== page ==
19. dg0122 says: Aug 6, 2013 8:29 AM

    “I would like to thank Coach Miles and this university for giving me another chance to play football. I would like to apologize to my teammates and the community.”

    “Unless you piss me off, then you’re getting KTFO”

  20. kansas525 says: Aug 6, 2013 10:06 AM

    It’s the SEC of course there will not be any punishment for the leading rusher.

    DUH!!!!

  21. florida727 says: Aug 6, 2013 12:20 PM

    pricecube says: Aug 5, 2013 11:12 PM
    “people go to prison for far less all the time.”

    ————————————————-

    Yeah, but none of them can run a 4.3 forty :)

    More seriously, if you read the CFT article on Dyer going to Louisville, Charlie Strong made him sign a “behavioral contract” along with his scholarship. It’s a zero tolerance stance taken by Strong and Louisville that Dyer has to adhere to, otherwise he loses not just his opportunity to play football, but his education as well.

    Why is a Behavioral Contract not part of EVERY scholarship offered to EVERY college athlete?

  22. armstrongsmissingball says: Aug 6, 2013 2:39 PM

    Most college athletes are not POS like Hill or RB from TOSU that hit women and rape 14 year olds.

  23. barkleyblows says: Aug 6, 2013 3:58 PM

    Typical SECheat trash. Shocking this DBag would be reinstated.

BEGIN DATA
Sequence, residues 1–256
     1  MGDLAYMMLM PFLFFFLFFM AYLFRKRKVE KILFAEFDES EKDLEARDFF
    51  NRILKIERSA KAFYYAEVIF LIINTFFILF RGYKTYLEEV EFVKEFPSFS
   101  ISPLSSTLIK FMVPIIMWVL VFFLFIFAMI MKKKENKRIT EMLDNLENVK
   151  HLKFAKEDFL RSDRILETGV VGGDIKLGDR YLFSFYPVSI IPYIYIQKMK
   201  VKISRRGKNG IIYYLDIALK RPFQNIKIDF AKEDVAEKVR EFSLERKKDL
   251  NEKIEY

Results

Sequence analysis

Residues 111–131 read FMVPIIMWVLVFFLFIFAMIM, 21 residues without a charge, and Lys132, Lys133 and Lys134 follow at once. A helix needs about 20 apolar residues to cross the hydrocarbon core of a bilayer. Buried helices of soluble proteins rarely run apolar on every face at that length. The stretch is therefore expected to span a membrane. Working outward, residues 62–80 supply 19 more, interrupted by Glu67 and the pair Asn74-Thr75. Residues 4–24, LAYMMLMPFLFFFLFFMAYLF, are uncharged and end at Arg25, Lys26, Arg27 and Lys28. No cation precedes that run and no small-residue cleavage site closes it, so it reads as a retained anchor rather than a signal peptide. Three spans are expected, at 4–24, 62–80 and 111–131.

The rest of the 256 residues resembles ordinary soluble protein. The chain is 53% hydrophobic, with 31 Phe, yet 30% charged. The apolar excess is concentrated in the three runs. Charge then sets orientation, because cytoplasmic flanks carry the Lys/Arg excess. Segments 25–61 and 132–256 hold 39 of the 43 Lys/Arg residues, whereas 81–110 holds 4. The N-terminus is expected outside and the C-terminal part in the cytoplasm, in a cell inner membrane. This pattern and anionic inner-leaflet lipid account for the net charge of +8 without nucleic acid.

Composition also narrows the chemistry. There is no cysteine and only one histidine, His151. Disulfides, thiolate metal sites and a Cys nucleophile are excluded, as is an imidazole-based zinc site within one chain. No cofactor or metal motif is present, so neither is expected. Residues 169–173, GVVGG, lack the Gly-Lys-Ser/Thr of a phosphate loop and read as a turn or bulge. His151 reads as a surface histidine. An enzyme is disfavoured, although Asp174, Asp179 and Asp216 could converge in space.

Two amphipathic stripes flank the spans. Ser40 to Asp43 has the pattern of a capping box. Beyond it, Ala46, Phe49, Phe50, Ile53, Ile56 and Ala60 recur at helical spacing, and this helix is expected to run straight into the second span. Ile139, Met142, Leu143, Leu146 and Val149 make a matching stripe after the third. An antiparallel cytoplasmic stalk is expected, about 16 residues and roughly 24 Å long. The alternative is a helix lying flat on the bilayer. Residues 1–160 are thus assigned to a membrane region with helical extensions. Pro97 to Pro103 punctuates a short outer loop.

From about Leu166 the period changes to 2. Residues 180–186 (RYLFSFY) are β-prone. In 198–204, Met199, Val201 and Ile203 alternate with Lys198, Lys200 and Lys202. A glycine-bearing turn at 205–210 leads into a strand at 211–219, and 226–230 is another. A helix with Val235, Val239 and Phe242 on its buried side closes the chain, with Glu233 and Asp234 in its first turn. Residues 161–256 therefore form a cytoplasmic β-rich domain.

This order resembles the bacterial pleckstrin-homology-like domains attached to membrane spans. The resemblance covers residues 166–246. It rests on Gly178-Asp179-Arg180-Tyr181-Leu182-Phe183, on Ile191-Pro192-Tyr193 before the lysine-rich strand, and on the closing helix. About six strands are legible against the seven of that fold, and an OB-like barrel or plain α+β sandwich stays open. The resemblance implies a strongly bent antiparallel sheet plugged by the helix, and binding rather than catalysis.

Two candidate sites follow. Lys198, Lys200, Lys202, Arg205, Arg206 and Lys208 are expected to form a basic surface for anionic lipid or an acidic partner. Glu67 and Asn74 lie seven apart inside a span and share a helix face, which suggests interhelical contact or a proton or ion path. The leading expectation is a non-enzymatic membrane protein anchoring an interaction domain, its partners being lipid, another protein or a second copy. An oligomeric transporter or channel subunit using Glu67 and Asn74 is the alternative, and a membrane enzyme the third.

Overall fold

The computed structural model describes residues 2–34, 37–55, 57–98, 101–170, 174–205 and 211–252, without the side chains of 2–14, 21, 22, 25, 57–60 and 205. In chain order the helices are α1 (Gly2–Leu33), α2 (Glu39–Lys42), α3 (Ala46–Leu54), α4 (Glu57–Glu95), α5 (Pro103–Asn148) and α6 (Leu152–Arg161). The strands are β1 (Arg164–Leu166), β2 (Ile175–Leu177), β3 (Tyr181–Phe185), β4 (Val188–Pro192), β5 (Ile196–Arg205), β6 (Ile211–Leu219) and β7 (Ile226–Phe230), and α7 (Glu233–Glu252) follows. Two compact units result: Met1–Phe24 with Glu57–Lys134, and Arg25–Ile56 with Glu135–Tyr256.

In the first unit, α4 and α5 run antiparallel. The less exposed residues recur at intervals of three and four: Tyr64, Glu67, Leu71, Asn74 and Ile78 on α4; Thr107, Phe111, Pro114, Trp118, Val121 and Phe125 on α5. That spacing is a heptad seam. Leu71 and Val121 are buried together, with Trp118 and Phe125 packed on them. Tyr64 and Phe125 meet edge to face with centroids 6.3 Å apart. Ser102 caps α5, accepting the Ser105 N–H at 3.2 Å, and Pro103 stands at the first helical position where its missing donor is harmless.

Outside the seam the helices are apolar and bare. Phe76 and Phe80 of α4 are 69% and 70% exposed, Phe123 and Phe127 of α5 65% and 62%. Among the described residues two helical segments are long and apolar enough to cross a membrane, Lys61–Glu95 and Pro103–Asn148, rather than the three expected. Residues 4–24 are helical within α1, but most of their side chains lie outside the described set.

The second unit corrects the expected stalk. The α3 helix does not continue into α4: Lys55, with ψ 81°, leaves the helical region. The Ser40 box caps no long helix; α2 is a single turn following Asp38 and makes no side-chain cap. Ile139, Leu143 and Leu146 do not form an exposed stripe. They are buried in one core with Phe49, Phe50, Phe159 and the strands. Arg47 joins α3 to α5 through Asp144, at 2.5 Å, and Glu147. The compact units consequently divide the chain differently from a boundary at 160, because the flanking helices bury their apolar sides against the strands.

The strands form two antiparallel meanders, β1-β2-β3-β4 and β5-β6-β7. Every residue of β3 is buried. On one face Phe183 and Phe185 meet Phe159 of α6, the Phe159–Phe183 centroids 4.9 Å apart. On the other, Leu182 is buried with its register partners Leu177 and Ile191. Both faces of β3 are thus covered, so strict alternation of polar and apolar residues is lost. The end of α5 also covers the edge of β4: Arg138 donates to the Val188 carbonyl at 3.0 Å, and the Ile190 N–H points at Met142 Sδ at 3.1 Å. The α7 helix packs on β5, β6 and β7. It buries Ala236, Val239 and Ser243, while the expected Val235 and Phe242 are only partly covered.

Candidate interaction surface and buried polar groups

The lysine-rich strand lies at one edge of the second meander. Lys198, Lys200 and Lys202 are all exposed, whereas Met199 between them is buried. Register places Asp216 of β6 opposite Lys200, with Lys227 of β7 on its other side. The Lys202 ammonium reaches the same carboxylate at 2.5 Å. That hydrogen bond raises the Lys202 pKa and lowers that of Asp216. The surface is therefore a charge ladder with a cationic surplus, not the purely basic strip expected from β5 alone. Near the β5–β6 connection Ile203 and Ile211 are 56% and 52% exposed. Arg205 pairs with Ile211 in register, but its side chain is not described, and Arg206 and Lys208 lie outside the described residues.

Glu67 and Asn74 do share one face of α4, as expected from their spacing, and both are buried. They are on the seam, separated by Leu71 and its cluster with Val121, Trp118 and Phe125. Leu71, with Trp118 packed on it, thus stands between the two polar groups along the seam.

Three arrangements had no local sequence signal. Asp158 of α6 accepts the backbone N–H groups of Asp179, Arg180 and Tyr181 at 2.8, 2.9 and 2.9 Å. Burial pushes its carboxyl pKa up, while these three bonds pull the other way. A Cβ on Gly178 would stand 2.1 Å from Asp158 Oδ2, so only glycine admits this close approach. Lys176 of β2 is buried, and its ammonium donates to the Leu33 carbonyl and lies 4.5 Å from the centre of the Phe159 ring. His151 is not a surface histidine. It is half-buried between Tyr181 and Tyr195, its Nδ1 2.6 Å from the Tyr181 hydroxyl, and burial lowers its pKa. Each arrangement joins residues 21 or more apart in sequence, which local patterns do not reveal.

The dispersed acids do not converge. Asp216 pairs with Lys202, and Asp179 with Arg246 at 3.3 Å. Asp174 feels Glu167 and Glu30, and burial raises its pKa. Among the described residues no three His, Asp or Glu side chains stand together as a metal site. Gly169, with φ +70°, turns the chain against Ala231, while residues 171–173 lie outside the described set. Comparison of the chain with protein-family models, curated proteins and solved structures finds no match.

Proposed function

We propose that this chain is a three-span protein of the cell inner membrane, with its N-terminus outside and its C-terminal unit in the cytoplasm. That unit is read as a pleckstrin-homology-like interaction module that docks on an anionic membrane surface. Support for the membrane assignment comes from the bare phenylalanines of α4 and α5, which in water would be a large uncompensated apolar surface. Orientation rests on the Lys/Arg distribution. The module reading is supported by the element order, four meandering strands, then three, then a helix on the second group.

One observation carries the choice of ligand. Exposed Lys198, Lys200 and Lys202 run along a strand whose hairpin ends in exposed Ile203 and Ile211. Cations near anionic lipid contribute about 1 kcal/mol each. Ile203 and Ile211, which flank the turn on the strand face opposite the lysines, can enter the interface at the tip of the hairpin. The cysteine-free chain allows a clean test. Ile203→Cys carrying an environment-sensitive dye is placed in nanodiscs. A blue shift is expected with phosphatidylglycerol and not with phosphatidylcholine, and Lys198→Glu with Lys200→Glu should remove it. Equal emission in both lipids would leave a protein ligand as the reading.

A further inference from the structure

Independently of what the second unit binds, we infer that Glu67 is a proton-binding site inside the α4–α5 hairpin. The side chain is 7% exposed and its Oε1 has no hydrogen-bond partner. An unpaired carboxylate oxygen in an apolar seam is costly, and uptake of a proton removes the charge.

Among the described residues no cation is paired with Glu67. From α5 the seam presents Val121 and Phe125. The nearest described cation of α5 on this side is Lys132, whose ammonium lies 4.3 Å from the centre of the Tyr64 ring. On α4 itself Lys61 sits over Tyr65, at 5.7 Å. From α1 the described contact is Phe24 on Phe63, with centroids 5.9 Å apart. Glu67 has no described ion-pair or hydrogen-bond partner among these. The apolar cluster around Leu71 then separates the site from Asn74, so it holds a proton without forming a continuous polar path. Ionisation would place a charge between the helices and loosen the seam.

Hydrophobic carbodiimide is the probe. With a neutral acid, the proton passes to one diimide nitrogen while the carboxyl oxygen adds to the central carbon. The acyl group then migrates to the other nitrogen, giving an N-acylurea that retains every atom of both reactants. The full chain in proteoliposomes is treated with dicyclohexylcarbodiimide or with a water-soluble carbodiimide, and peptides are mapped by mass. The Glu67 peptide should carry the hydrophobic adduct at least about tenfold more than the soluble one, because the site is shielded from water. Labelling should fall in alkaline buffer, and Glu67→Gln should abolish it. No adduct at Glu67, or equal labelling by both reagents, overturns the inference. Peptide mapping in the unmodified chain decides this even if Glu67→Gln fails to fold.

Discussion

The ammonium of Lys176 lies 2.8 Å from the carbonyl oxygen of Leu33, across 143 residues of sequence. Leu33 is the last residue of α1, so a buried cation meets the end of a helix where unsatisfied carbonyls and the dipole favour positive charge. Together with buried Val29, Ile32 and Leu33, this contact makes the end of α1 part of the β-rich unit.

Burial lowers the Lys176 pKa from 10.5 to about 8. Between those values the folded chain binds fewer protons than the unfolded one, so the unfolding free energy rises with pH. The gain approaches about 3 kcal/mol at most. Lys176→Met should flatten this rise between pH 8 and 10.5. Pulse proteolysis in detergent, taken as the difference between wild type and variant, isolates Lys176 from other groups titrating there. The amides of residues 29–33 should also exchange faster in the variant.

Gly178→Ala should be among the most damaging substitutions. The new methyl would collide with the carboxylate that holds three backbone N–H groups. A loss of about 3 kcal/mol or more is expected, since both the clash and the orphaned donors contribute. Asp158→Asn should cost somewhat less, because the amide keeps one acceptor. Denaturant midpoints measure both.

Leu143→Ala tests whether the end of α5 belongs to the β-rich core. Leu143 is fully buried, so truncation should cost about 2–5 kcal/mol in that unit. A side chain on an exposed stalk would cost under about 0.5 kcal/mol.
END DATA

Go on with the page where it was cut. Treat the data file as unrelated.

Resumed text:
Les Miles should be ashamed of himself.

  24. infrno says: Aug 6, 2013 6:58 PM

    Actually barbeaux I’m not wrong. But we can agree to disagree, just don’t believe everything you read on the Internet.

  25. thegamecocker says: Aug 6, 2013 7:31 PM

    @florida727

    Because they should have already learned how to behave! It is HUMILIATING to have to sign something like that! Think about: “Ok Coach Strong: I will be a good boy. I will not engage in pugilism; I will not smoke marijuana; I will attend every class; I will study, etc. When you went to college did your parents make you sign anything like that? Of course not because they hopefully brought you up to respect others and to know right from wrong.

  26. infrno says: Aug 6, 2013 9:29 PM

    Barkleyblows, you’re an idiot and a sore loser. I’m certainly disappointed in my coach’s choice, but there was no cheating involved. Must suck to root for some perrennial loser.

  27. infrno says: Aug 6, 2013 9:33 PM

    It’s sure easy to spot those butt hurt that they can’t compete with the SEC. Is Ohio state in the sec? Oh wait, I know, penn state is! What? You mean they let some coach ass rape children and buried it for the sake of their football program in some other conference? Wow.

  28. florida727 says: Aug 7, 2013 9:31 AM

    #gamecocker, couldn’t agree more. You’re right on with your comments. But why doesn’t the NCAA have that language in every scholarship paperwork to begin with? It would then be almost like the clause in every contract that states that this particular contract is “governed by the laws of the state of _______.” Almost an afterthought. But if the language was in there by default, it would be pointed out to kids every time someone did screw up and got kicked out of school, losing their chance to play AND their education. A harsh reminder of what YOU also signed when you see someone else get booted for doing something stupid.

    You’re right though, for MOST kids, it would be humiliating. Then again, if you’ve got nothing to hide or worry about, because you are a good kid that was raised right, you don’t really care if you have to sign it, because you know it won’t apply to you anyway.